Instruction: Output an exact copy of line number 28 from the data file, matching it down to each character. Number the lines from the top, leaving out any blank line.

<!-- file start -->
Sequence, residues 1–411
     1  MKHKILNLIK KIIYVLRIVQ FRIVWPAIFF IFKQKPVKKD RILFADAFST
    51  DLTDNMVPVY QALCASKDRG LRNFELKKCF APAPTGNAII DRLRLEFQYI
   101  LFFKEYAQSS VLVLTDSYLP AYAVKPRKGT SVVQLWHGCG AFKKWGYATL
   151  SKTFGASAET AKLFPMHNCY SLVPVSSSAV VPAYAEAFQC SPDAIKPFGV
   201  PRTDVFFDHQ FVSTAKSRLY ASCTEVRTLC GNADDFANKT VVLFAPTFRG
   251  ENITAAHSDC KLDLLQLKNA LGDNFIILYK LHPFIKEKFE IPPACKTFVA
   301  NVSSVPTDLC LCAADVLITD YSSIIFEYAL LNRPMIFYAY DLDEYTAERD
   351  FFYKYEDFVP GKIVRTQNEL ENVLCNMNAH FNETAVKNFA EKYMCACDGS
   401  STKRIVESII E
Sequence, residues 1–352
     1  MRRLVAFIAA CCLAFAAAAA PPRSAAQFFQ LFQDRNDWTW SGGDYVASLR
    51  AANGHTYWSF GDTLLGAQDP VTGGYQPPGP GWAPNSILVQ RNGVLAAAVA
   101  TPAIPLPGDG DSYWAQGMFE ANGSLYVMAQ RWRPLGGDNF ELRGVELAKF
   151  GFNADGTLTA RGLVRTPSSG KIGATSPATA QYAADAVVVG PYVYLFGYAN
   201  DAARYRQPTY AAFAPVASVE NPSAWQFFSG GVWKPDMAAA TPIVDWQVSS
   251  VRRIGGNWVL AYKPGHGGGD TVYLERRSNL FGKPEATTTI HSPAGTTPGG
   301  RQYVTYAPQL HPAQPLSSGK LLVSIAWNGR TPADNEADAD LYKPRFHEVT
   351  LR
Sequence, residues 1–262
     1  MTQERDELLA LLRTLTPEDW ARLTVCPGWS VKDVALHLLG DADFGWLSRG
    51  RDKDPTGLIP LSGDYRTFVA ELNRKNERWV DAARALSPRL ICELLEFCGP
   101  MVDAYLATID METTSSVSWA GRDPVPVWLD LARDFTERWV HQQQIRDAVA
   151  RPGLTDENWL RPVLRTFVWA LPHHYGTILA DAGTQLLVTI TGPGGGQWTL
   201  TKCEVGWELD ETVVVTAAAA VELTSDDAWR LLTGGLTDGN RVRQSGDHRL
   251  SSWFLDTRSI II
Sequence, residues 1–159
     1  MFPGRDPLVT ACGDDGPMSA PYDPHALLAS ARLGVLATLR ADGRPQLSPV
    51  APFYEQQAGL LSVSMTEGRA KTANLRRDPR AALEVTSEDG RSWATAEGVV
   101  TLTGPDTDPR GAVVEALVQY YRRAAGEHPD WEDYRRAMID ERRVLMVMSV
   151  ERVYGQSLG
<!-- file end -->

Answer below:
     1  MFPGRDPLVT ACGDDGPMSA PYDPHALLAS ARLGVLATLR ADGRPQLSPV